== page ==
“I would say that my biggest influences when it comes to my production style would be Dr. Dre, Timbaland and Pharrell. From them I have learned to experiment with different sounds and keep an open mind when it comes to producing.”

Take me through your approach to starting work with an artist. Do you have any go-to sounds or instruments that you use across multiple projects, or do you try to take a distinct and fresh approach with each artist? 



“I always like to keep an open mind when it comes to working with a new artist. I definitely have my go-to sounds and instruments and keep them in the vault but also love using newer, fresh sounds. One thing I love about creating music is that the possibilities are truly endless!”

Do you have a favourite out of all the beats you've produced and tracks you’ve worked on?



“Picking an all-time favourite beat of mine would be like asking a parent who their favourite child is— it’s an impossible ask! I look back on all of my previous work with a profound sense of appreciation; for the sounds I grew up listening to, as well as all the experiences I’ve had that translate into the beats I make. I feel so grateful to have worked with some of the most creative and talented people I’ve ever met. I like to think it has shaped me into the producer I am today.”

Let’s talk about Rihanna’s Work. Where did your ideas begin for that track? What synths and sounds were you using? 



“This record primarily came from my desire to bring dancehall into the spotlight again. I also come from a Jamaican background, so I wanted to channel those vibes into the song as well. It was honestly incredible seeing what the song turned out to be, with Rihanna and Drake. It was like it all just happened at once, and a smash hit was born.”

How about Drake’s God’s Plan? Cardo started the beat and you finished it, right?



“Yes. Cardo is one of my favourite producers to work with! It’s always a pleasure working with him. He first created the instrumental on FL Studio, and my contribution to the song came when Drake gave me the track half finished, requesting the song to have a more ‘bouncy vibe’. I added more drums to the production and that’s pretty much how it happened!”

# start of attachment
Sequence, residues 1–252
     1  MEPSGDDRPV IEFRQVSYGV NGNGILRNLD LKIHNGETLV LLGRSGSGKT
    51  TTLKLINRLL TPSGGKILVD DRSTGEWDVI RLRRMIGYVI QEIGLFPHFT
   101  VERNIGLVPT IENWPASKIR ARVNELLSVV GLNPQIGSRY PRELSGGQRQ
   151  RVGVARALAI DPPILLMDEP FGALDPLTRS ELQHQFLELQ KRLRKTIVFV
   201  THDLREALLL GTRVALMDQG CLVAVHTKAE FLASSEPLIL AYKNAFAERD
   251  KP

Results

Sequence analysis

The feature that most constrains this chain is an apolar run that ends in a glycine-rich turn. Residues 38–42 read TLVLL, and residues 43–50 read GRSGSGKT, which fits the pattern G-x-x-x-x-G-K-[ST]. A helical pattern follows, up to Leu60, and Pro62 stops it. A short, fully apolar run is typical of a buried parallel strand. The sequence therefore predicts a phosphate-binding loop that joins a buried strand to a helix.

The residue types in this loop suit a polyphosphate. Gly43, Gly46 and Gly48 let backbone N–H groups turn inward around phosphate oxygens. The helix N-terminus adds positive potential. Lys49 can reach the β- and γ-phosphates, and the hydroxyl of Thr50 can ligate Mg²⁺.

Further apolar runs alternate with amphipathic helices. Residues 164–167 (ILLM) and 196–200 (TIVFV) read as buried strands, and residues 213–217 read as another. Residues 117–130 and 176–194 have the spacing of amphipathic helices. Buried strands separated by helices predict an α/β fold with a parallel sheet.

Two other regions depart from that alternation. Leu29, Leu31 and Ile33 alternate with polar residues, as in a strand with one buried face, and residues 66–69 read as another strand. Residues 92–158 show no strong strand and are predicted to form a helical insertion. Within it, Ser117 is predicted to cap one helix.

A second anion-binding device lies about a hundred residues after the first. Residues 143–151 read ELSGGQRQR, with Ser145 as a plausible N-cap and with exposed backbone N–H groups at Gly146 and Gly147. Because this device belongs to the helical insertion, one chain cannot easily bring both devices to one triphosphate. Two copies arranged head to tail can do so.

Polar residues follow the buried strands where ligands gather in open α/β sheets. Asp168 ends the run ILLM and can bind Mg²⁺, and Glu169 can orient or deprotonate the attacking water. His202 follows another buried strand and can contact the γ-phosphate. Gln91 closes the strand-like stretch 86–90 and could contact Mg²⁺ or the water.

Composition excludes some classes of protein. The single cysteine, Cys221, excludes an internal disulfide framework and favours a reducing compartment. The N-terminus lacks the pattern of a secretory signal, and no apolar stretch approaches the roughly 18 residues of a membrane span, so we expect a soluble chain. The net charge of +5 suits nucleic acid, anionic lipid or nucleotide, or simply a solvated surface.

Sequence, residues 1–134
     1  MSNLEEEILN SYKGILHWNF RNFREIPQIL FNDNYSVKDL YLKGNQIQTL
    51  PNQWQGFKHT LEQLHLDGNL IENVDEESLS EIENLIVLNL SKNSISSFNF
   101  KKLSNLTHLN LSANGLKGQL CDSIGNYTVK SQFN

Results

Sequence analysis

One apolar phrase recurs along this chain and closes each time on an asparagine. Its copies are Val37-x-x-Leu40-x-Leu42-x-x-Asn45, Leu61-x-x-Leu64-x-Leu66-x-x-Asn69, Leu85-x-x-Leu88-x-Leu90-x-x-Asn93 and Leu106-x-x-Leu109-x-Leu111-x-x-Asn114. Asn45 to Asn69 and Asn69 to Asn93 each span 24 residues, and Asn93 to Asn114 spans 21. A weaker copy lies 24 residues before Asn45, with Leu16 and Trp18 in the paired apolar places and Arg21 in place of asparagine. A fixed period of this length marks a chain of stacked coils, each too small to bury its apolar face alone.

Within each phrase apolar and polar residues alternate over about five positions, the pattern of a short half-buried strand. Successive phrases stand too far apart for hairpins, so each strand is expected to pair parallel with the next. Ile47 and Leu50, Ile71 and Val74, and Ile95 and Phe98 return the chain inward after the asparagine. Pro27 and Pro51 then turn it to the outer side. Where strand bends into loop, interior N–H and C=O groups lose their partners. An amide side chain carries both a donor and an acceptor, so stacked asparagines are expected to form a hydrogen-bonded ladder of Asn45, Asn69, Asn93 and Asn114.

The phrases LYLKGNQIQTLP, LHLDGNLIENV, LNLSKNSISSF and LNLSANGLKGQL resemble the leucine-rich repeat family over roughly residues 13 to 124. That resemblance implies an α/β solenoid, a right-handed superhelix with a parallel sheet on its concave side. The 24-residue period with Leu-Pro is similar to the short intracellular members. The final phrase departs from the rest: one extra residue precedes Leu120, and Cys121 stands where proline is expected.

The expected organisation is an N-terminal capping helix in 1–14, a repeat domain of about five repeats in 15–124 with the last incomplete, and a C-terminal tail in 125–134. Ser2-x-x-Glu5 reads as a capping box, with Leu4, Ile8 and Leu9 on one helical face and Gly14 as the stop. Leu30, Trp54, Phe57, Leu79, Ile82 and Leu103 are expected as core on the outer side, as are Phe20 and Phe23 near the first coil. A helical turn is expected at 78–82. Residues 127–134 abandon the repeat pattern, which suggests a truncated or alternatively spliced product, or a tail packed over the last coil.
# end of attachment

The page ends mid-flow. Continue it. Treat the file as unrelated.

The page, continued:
Let’s talk about Kendrick’s N95. How did that beat start out? What was he like to work with? 



“This record was such a special one to make. Kendrick is one of my favourite artists to work with; he is one of the most gifted and creative storytellers I’ve had the pleasure of collaborating with. This beat came to be like almost all of my other ones, working with
both new and old sounds while also maintaining simplicity. I like to think less is more.”

Do you think you might make more records like The Concept A.I. Album in the future? Where do you think AI technology might be heading when it comes to music?



“When used with responsibility, this technology will change the ways in which producers, artists and all creatives alike look at their art form. It would be great to see different ways in which people harness this technology to change their approach to building records. With this, I would say that I’m definitely open to the idea of working with AI again in the future.”

What advice would you give to younger producers that are just starting out on their journey into music? 

“As with all creative fields, there is no ‘formula’ when it comes to creating. When it comes to making music, it’s all just about feel… As long as you’re having fun with it and creating art that you love, that’s all that matters. That’s where I feel the most meaningful art comes from.”

Listen to The Concept A.I.BUM on Spotify.

Vincent Joseph is a writer and musician. He has written on music and music technology for MusicRadar, The Guardian, Financial Times, MOJO and more.